Be Filled with the Spirit

By Charles Finney

You may have the Holy Spirit because God has promised to give Him to those who ask. “If ye then, being evil, know how to give good gifts unto your children, how much more shall your heavenly Father give the Holy Spirit to them that ask Him?” (Luke 11:13). If you ask for the Holy Spirit, God has promised to give Him to you.

God has commanded you to have Him. He says in the Bible, “Be filled with the Spirit” (Eph. 5:18). When God commands us to do a thing, it is the highest possible evi­dence that we can do it. It is essential to your growth in grace that you should be filled with the Spirit. It is as important as it is that you should be sanctified. It is as necessary as it is that you should be useful and do good in the world. If you do not have the Spirit of God in you, you will dis­honor God and disgrace the Church.

Why many do not have the Spirit.

It may be that you live a hypocriti­cal life. Your prayers are not earnest and sincere, and so you may do many things to grieve the Spirit so that He cannot dwell in you.

Others have so much levity that the Spirit will not dwell in them. The Spirit of God is solemn and serious, and will not dwell in those who give way to thought­less levity.

Others are so proud they cannot have the Spirit; and yet such persons will pre­tend to be at a loss to know why it is they do not enjoy religion! Some are so worldly-minded, love property so well, and are try­ing so hard to get rich that they cannot have the Spirit. How can He dwell in them when all their thoughts are on things of the world?

Others do not fully confess and for­sake their sins, so they cannot enjoy the Spirit’s presence. They will confess their sins in general terms, perhaps, and are ready always to acknowledge that they are sinners, or they will partially confess some particular sins. But they do it reservedly, proudly, guardedly, as if they were afraid they would say a little more than is neces­sary. But with such confession God is not satisfied. He knows whether you have gone to the full length of honest confession and taken all the blame that belongs to you. If your confessions have been constrained and wrung from you, do you suppose you can cheat God? “He that covereth his sins shall not prosper: but whoso confesseth and forsaketh them shall have mercy” (Prov. 28:13). Unless you humble yourself and confess your sins honestly, and make amends where you have done injury, you have no right to expect the Spirit. “He that humbleth himself shall be exalted” (Lk. 14:11).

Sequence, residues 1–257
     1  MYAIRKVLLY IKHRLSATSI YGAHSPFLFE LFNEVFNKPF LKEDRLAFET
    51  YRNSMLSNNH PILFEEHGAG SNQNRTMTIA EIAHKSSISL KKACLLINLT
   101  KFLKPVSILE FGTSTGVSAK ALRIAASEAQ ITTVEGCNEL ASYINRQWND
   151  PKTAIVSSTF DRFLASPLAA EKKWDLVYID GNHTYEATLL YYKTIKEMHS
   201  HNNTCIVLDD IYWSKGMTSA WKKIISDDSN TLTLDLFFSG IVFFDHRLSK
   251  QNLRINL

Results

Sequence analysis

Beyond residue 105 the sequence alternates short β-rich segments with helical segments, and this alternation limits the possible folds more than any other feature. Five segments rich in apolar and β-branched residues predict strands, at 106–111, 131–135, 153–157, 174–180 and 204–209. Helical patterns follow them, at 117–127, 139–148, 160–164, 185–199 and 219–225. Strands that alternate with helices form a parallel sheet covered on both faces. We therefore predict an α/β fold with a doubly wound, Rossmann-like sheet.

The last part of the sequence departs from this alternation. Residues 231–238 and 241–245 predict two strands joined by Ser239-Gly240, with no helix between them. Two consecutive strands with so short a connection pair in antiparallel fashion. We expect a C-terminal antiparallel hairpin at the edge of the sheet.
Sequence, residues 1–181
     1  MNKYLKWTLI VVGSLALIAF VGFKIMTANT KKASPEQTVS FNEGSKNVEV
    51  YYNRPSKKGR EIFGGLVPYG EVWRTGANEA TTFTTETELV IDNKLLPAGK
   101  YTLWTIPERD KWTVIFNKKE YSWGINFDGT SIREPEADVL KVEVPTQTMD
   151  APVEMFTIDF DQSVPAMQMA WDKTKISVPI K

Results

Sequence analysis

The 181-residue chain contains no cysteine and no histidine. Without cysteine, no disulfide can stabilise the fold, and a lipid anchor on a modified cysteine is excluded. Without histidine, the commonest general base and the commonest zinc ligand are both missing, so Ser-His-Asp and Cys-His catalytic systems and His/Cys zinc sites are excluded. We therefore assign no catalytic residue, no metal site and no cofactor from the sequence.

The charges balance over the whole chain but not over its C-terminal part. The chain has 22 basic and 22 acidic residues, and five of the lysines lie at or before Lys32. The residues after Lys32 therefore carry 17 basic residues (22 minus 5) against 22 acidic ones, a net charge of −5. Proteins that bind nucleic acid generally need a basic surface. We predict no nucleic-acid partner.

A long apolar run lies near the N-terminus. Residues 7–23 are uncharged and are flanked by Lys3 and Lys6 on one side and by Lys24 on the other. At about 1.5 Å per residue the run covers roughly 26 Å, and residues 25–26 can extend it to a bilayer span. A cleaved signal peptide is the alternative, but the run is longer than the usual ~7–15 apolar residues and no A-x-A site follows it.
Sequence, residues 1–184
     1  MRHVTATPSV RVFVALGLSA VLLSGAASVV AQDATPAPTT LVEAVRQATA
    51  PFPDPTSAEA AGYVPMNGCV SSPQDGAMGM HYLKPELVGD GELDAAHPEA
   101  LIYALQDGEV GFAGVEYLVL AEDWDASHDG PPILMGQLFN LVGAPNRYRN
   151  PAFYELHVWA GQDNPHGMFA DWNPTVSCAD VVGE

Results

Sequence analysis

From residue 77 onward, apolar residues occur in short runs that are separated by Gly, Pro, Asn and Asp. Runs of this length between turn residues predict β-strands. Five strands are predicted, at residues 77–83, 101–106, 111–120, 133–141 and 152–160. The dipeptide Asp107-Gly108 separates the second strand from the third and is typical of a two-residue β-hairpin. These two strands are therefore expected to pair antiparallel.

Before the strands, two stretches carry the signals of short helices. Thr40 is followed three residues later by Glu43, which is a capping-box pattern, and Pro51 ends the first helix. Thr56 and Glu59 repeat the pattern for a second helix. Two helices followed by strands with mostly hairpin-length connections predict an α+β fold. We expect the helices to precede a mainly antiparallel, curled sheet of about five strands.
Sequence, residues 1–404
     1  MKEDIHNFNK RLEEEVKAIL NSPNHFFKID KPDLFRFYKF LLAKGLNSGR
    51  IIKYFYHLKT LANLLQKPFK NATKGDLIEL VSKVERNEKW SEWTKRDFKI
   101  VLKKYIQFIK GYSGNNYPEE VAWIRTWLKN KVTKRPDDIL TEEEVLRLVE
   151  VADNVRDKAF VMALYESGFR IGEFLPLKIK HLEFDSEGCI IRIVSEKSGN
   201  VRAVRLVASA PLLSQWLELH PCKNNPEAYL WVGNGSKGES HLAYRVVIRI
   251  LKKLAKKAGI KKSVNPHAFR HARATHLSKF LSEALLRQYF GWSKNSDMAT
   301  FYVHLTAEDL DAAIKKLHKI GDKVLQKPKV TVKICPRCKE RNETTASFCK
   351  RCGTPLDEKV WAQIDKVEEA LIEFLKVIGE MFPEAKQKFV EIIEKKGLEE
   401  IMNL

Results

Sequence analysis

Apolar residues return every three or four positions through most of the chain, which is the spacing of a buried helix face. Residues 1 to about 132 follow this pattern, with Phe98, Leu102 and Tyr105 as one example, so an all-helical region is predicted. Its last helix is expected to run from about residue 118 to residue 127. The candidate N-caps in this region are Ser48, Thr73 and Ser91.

Others are neglecting some known duty and that is the reason why they have not the Spirit. They once had the spirit of prayer, but neglecting their duty they grieved the Spirit away. If you have neglected any known duty, and thus lost the spirit of prayer, you must humble yourself before God. God has a controversy with you. You have refused to render obedience to God and you must repent of it. You may have forgotten your duty but God has not. You must try to recall it to mind and repent.

Perhaps you have resisted the Spirit of God. Perhaps you are in the habit of resisting the Spirit. In preaching, when something has been said that reached your case, your heart rose up against it and resisted it. The fact is that you do not, on the whole, desire the Spirit. This is true in every case in which one does not have the Spirit. People may sometimes desire the Spirit of God because of the comfort and joy of heart that He brings. You may set yourself to pray earnestly for it, and to pray for a revival of religion; but, on the whole, you are unwilling that it should come. You have so much to do that you will not at­tend it, or it will require so many sacri­fices that you cannot bear it.

There are some things you are not willing to give up. You find that if you wish to have the Spirit of God dwell in you, you must give up the world. You must make sacrifices, and so, on the whole, you do not wish to have Him come, unless He will consent to dwell in you and let you live as you please — but that He will never do.

The great guilt of not having the Spirit of God.

Your guilt is just as great as the authority of God is great, which commands you to be filled with the Spirit; and yet there are many people who do not blame themselves at all for not having the Spirit. They even think that they are quite pious Christians because they go to prayer meet­ings and partake of the Lord’s Supper, though they live year after year with­out the Spirit of God.

Your guilt is equal to all the good you might do if you had the Spirit of God in a great measure, and it is your duty to have Him. As you might have Him, how much good might you do! Here is a bless­ing promised and you can have it by doing your duty. You are entirely responsible to the Church and to God for all the good that you might do. A man is responsible for all the good that he can do.

This article, formerly called, Work of the Holy Spirit, was condensed and revised, and may be reproduced and distributed.

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